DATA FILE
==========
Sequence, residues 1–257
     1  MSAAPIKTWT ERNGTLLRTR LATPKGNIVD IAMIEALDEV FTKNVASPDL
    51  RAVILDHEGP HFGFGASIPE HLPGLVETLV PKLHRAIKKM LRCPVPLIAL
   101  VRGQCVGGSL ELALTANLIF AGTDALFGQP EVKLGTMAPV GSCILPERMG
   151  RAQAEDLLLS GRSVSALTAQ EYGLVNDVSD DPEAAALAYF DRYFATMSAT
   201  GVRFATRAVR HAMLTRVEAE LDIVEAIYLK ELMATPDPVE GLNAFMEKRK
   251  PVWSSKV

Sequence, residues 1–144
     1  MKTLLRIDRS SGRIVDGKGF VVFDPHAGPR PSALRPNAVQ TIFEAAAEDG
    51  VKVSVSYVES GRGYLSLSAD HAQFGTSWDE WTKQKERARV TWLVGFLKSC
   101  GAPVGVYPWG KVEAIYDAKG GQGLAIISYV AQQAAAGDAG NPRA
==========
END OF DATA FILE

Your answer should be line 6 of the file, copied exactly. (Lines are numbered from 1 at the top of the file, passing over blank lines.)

   201  GVRFATRAVR HAMLTRVEAE LDIVEAIYLK ELMATPDPVE GLNAFMEKRK